What is more important: winning or winning in a fair election?

By Jessica Fortin-Rittberger, Philipp Harfst, and Sarah C. Dingler (University of Salzburg)

What is the story?

Perceptions of electoral fairness have an impact on voters’ attitudes and behaviour. Consequently, we believe that electoral malpractice will negatively affect citizens’ satisfaction with democracy. In a recently published article in the Journal of Elections, Public Opinion and Parties we argue that election tinkering shapes citizens’ feelings about democracy.


The first hypothesis we examine draws on the direct link between electoral fraud and voters’ attitudes towards democracy. We expect that a high amount of fraud reported in elections should be related to low levels of satisfaction with the way democracy works.

Winning an election could change the nature of this relationship and positively affect voters’ attitudes irrespective of the degree of electoral misconduct. Thus, we also hypothesise that voters’ status as winners or losers will mediate the effect of electoral fraud on satisfaction with democracy.


Using survey data from CSES, we explore 48 elections in 29 countries in the timespan between 1998 and 2006. Rather unsurprisingly, we can show that high levels of electoral fraud correspond to a lower degree of satisfaction with democracy (see Figure 1).

Figure 1: Overall magnitude of problems in elections in relation to average satisfaction with democracy.

Notes: Data taken from CSES and QED. Figure contains 57 elections. Pearson’s r = −0.55.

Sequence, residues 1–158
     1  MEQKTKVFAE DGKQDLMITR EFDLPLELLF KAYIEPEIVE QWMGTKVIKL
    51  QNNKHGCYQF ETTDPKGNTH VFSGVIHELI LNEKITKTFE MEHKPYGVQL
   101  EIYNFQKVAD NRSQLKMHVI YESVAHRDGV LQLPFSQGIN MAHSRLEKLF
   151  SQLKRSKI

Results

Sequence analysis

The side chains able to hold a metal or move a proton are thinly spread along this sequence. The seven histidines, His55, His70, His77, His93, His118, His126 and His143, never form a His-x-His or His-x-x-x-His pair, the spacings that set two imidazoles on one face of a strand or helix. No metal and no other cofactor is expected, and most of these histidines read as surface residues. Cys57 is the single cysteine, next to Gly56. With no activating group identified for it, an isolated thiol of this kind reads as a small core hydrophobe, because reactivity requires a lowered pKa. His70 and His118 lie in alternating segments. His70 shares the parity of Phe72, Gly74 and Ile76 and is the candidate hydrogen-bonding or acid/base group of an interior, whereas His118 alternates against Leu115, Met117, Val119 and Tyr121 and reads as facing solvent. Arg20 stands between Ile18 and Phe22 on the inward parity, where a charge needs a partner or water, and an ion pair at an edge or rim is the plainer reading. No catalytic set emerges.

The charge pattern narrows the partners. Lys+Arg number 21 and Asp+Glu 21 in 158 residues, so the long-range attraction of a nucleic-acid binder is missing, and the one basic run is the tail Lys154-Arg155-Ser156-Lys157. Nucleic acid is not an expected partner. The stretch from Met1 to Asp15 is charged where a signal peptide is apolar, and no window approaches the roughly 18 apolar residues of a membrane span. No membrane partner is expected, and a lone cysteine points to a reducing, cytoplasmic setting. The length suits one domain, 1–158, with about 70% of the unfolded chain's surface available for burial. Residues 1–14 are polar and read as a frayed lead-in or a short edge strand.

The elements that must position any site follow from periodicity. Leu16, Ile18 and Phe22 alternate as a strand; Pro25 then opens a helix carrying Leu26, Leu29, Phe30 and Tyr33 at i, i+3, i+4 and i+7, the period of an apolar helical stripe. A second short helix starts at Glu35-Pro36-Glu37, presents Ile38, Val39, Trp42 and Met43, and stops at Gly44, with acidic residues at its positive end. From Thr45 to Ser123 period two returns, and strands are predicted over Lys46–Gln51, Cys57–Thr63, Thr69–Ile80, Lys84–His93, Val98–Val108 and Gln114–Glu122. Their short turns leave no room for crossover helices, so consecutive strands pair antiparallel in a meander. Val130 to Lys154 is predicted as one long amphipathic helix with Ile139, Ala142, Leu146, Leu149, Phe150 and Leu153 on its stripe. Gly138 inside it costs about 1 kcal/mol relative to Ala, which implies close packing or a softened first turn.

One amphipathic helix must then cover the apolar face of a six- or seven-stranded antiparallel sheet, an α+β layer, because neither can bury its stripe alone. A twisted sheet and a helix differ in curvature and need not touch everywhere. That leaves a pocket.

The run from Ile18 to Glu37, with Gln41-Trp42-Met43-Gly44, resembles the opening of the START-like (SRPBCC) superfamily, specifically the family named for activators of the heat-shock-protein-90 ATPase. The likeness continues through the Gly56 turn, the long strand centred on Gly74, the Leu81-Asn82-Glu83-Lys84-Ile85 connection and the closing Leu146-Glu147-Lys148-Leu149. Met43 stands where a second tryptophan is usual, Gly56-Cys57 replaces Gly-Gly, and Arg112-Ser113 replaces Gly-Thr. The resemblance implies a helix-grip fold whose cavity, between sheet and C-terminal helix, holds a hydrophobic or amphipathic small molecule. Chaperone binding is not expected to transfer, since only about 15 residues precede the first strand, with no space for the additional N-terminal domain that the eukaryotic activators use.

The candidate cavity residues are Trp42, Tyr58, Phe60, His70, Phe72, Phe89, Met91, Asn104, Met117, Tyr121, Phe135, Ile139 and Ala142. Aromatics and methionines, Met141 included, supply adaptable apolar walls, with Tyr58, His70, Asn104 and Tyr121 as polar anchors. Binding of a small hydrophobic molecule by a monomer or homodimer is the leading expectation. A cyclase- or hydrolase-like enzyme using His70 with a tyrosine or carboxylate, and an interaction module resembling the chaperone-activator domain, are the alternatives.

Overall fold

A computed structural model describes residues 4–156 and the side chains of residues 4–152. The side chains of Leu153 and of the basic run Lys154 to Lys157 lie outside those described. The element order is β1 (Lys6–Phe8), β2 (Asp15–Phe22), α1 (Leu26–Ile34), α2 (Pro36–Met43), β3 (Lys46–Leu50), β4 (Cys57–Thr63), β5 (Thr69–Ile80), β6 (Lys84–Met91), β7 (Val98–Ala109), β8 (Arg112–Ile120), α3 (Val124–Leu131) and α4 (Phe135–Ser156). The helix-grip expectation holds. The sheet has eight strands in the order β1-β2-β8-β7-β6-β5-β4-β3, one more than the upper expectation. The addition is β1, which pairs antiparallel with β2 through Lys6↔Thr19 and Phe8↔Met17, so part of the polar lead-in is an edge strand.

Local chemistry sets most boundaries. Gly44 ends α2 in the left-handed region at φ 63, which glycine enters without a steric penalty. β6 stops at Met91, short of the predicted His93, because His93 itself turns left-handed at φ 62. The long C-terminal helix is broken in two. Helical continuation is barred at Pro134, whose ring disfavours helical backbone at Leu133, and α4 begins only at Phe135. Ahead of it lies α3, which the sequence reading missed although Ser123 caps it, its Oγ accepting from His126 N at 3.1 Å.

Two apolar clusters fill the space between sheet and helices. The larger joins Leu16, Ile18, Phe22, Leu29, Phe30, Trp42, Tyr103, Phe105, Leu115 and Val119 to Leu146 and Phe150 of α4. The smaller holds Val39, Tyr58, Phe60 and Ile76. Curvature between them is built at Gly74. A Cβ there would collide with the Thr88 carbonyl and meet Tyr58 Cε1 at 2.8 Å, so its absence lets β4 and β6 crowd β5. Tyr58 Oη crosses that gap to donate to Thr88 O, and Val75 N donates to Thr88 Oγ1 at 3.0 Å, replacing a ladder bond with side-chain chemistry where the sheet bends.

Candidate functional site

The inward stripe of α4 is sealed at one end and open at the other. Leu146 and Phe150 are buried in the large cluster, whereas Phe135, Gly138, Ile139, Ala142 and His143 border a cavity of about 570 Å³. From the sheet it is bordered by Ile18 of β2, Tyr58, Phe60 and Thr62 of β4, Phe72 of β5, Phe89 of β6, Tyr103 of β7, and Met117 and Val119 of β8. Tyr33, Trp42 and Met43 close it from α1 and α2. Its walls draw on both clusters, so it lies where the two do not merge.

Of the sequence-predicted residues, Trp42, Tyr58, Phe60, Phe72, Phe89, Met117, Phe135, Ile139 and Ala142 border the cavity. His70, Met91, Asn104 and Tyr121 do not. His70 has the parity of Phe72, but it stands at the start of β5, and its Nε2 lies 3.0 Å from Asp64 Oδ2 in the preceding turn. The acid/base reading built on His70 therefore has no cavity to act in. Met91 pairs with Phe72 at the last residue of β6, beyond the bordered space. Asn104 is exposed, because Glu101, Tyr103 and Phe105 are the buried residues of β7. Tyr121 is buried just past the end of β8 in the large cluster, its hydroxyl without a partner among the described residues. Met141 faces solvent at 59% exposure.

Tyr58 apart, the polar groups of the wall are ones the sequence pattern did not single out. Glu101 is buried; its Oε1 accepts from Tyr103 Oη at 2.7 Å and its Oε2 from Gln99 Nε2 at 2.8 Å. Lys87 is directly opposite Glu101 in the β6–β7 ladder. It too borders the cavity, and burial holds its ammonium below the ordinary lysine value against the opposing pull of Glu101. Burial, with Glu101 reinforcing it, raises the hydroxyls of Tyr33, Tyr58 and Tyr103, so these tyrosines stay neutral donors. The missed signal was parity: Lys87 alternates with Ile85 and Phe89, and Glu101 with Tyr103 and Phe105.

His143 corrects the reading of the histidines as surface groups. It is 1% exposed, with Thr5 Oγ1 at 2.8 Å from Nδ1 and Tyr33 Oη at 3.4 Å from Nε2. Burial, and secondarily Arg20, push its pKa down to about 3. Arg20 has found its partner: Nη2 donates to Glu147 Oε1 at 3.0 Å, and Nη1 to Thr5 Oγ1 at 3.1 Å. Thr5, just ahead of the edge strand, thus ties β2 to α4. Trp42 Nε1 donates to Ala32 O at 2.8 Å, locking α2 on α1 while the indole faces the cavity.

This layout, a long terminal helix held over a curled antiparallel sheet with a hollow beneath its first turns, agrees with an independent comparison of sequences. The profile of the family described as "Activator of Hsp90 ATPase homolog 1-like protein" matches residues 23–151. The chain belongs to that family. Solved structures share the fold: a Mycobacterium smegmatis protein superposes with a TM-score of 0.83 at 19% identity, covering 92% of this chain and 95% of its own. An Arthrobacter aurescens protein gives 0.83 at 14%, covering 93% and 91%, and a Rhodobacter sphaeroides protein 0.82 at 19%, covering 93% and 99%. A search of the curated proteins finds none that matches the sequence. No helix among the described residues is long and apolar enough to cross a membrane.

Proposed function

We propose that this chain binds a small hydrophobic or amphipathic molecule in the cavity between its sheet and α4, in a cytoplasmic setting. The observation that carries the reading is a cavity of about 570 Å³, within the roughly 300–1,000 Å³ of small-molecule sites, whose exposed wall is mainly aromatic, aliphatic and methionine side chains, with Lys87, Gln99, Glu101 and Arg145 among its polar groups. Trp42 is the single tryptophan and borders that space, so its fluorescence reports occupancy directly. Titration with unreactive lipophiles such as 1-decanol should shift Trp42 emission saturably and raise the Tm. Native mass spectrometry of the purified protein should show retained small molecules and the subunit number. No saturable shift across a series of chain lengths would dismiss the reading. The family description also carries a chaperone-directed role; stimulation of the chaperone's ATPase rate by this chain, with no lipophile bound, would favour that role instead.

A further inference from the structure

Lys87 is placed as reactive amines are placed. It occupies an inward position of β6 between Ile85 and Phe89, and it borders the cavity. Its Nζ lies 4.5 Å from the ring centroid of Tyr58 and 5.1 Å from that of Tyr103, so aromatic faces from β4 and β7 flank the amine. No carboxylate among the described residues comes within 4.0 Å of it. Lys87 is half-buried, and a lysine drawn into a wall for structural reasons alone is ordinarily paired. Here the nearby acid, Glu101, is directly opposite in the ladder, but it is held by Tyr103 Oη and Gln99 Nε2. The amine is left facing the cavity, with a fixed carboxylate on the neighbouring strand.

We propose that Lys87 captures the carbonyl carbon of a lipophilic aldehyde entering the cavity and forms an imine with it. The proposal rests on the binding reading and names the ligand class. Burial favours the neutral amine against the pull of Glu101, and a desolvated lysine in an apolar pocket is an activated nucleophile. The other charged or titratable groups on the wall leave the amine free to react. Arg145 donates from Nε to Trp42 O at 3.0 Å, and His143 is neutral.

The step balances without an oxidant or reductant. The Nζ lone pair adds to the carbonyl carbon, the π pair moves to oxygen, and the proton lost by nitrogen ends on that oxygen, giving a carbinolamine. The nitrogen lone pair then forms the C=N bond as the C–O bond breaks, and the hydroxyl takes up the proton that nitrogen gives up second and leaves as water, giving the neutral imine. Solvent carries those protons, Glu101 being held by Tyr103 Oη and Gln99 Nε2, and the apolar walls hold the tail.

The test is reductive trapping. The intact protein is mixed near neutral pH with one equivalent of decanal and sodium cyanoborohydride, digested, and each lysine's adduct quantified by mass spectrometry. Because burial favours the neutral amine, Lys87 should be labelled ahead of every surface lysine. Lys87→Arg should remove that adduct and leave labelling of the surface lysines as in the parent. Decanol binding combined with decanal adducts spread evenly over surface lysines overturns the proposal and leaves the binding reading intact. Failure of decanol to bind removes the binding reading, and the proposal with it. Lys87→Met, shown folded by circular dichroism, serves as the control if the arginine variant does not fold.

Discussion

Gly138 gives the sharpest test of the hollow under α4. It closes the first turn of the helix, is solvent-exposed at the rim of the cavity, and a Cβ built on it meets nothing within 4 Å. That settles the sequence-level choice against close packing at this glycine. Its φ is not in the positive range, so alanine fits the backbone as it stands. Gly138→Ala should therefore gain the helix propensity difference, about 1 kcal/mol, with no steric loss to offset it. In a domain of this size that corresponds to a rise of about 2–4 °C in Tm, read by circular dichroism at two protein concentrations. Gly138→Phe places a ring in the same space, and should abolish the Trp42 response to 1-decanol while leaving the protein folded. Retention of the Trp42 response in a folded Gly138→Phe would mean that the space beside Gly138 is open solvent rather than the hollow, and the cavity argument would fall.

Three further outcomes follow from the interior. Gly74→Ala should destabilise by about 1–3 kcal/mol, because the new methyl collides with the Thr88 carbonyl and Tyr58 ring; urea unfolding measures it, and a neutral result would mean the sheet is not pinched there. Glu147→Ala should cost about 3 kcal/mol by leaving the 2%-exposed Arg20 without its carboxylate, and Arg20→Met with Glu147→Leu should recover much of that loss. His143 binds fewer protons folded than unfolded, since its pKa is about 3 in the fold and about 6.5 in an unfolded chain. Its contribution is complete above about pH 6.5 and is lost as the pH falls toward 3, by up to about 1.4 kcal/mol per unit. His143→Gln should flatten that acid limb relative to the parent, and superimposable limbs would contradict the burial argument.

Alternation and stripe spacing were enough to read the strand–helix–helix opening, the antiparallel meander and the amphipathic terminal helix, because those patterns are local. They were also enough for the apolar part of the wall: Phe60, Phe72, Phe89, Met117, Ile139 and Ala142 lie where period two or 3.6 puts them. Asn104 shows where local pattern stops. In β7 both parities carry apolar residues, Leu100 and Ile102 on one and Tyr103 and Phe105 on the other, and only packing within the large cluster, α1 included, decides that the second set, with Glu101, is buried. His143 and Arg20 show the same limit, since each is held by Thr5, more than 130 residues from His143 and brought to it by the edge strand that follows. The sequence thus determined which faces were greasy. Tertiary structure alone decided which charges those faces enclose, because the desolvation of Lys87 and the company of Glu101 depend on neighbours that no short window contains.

However, this relationship is not straightforward. We find that citizens’ attitudes also depend on the outcomes of the election. While citizens who have voted for the winning party are more satisfied, this relationship only holds when elections are free and fair. As soon as elections are fraught with manipulation and malpractice, winning and losing no longer exert different effects on voters’ evaluation of the way democracy works. Election fraud thus affects the perceptions of citizens in the same way, no matter if they are on the winning or losing side.


Our findings have a far-reaching impact: If satisfaction with democracy is anchored on citizens’ evaluation of the performance of governments, the cost of electoral malpractice is high. Fraudulent practices are likely to negatively affect citizens’ evaluations of government and, ultimately, could undermine regime stability, especially in emerging or fragile democracies. We know that broad support for democratic values is an underlying condition for democratic consolidation. Widespread electoral fraud could therefore result in particularly inauspicious climates for the survival of new democracies. Yet our findings offer a glimmer of hope: citizens’ levels of satisfaction in third wave democracies remains higher than in older established democracies in spite of electoral malpractice.

For more details, see Jessica Fortin-Rittberger, Philipp Harfst & Sarah C. Dingler. 2017. “The costs of electoral fraud: establishing the link between electoral integrity, winning an election, and satisfaction with democracy”. Journal of Elections, Public Opinion and Parties, DOI: 10.1080/17457289.2017.1310111.



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